Technical note: despite the PS not disclosing its position and no S1AB coverage, when there is a break from in the latitude decimal, it means the ship crossed 87.9000 and 88.0000 parallels, though in the latter instance, the PS didn't transmit its weather for 3 hours.

88.0   84.8 20-02-13 08:00   13  110    -28.9
87.9   85.3 20-02-13 05:00   13  110    -28.8

87.9   88.3 20-02-12 03:00    9  110    -31.9
87.8   88.4 20-02-12 02:00    9  110    -31.7
« Last Edit: February 15, 2020, 09:25:47 PM by A-Team »

uniquorn

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Re: MOSAiC news
« Reply #614 on: February 15, 2020, 12:30:14 AM »
.

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Reality is merely an illusion, albeit a very persistent one - Albert Einstein

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Re: MOSAiC news
« Reply #616 on: February 15, 2020, 01:32:16 PM »
Quote
KD yellow circle, PS magenta circle
Looks about right. The KD may be aiming east of the PS in order to catch the transpolar drift (instead of fighting it). If the ships are drifting in opposite directions, the KD could struggle all day with the ice but end up farther away from the Polarstern than when it started.
« Last Edit: February 15, 2020, 09:33:13 PM by A-Team »

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Re: MOSAiC news
« Reply #617 on: February 15, 2020, 10:30:28 PM »
If anyone is good in Danish - then Rasmus Tonboe is reporting from the Kapitan Dranitsyn at this site.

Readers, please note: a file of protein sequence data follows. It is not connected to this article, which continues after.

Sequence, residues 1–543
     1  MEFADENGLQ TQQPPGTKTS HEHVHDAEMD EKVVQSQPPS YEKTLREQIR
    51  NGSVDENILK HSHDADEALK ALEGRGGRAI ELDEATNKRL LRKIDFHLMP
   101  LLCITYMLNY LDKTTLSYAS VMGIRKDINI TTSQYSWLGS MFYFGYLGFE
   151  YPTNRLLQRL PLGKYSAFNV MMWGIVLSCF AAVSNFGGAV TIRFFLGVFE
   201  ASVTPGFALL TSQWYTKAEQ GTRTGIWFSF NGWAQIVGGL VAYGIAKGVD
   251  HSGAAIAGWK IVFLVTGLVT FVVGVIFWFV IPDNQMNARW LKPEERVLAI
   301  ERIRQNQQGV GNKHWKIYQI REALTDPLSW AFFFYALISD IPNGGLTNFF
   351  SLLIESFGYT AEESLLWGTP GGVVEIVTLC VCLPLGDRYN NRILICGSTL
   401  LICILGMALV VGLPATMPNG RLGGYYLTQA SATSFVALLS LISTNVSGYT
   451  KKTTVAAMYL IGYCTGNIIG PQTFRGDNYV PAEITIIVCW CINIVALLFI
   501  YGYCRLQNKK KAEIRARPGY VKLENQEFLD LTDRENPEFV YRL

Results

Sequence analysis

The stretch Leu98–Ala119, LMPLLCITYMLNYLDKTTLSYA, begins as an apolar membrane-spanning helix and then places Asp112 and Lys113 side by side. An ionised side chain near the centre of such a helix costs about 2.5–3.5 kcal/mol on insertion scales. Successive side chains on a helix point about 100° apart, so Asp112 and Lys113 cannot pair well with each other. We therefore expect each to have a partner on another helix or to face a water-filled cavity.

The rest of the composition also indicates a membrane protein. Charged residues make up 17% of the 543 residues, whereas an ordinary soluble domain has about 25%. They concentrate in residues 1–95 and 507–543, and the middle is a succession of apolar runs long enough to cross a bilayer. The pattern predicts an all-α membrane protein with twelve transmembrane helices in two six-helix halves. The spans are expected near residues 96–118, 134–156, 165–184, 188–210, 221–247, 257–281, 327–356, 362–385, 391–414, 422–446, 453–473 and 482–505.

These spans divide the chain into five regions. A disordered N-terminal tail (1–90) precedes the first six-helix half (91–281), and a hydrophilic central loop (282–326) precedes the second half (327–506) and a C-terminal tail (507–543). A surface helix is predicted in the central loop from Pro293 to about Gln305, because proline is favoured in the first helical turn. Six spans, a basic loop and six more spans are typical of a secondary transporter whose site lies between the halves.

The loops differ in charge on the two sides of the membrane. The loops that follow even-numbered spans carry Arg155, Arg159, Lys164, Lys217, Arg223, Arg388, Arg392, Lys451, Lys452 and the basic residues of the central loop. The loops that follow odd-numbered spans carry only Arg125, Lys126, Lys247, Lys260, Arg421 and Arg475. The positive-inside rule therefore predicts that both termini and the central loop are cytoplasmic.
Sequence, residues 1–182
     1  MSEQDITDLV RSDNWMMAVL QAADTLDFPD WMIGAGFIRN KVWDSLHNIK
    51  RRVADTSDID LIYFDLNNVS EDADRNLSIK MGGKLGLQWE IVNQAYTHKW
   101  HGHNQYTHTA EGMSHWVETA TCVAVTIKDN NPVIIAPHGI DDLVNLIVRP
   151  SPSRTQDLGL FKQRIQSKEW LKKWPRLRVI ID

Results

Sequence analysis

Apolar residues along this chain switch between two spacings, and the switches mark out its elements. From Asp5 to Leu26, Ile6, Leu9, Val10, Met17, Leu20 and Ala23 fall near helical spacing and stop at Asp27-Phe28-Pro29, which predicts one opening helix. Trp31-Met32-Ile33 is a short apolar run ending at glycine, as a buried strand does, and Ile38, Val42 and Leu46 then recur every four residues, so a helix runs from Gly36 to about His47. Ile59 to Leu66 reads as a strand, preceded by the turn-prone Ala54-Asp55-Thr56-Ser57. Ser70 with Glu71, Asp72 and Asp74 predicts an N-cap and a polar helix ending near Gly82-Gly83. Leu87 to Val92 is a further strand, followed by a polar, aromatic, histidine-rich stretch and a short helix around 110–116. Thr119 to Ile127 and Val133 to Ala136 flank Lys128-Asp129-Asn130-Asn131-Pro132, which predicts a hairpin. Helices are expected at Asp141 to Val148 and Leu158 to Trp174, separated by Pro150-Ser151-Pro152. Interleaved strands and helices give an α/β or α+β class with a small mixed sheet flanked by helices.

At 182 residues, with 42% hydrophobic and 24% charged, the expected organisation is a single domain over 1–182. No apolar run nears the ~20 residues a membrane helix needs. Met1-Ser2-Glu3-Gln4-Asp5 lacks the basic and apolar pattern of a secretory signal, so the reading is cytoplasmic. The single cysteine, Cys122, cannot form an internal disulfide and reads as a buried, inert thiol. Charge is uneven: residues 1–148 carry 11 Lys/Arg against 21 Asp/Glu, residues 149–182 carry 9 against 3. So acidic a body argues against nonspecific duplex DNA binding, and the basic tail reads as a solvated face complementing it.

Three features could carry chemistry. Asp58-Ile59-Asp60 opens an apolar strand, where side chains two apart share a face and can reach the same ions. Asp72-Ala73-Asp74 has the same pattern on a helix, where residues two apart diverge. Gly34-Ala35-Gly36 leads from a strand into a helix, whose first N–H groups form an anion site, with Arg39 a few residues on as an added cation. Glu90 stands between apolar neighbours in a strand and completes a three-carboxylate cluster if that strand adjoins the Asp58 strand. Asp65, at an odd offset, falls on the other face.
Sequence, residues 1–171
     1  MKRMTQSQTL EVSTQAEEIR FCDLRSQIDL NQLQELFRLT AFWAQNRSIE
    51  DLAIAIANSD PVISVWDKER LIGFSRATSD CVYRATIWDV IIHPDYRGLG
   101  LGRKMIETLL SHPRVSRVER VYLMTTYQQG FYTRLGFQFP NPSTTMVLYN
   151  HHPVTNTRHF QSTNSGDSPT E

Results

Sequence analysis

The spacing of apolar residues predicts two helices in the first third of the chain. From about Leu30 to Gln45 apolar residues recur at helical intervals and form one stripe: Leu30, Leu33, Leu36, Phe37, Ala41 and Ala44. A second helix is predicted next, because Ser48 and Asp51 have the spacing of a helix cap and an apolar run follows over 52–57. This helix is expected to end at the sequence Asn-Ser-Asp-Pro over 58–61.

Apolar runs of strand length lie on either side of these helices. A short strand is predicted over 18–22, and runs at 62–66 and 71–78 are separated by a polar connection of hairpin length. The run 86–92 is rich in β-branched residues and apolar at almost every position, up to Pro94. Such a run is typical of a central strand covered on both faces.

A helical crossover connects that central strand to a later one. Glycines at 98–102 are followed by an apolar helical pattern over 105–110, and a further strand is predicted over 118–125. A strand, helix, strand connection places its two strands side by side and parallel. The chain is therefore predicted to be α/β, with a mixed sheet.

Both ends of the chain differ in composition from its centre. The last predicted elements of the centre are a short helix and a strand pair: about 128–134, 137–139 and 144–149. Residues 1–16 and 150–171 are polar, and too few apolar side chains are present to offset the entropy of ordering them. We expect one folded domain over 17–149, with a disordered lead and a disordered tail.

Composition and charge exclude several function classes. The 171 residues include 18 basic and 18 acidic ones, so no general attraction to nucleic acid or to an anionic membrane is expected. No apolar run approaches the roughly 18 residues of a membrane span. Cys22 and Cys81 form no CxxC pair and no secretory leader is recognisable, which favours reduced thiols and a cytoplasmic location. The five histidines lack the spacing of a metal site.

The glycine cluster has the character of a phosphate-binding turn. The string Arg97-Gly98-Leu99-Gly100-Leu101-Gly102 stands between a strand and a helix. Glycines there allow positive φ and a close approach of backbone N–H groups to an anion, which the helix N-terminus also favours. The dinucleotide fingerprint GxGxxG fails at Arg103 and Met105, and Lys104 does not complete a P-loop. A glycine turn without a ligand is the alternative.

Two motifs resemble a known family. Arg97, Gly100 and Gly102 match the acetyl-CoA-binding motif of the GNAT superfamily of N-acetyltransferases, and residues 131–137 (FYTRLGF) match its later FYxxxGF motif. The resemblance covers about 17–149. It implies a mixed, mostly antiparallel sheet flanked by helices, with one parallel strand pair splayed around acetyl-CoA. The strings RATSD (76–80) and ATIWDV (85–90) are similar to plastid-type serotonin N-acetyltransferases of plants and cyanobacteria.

https://www.dmi.dk/?id=1255
Apparently  the ship passed through a snowstorm last Sunday (9th Feb) picture attached

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Re: MOSAiC news
« Reply #618 on: February 16, 2020, 11:30:02 AM »
Quote
If anyone is good in Danish
So bizarre: providing routine blog text only as a png image. It just takes a second though to run it through free online Danish OCR (https://convertio.co/ocr/danish/) and then google-translate.

"Tomorrow there is a general clean-up and a single trip out on the ice to drill cores in the EMIRAD measurement area near the ship.

The other morning, when I was with the chemistry team at the "dark site" and taking samples, I saw a slight light to the south on the horizon. "Dark site" is so far from the ship that there is no light pollution, and therefore you can see even the faintest shades of light.

I took a picture of the horizon with my mobile camera, but when I got home and looked at the picture, it looked like I had turned off the phone. It was completely black and there was no hint of light. The sun is still far below the horizon, and it's not even twilight, but we've got the moon back and it gives some light when we're out.

Last weekend we had a strong low pressure with strong winds and temperature fluctuations. Saturday morning started with blizzard and 20 m / s and temperature of about -12 degrees.
During the day the wind subsided while the temperature dropped to -38 degrees towards evening.

The captain had forbidden going out on the ice in the morning, and I spent most of the day in the "cold lab" working with ice samples from our measuring range. "Cold lab" is a container on the back deck which is designed for laboratory. The laboratory has -15 degrees, so you can work with your snow and ice samples without melting. Compared to the outside temperature, it feels warm in the lab.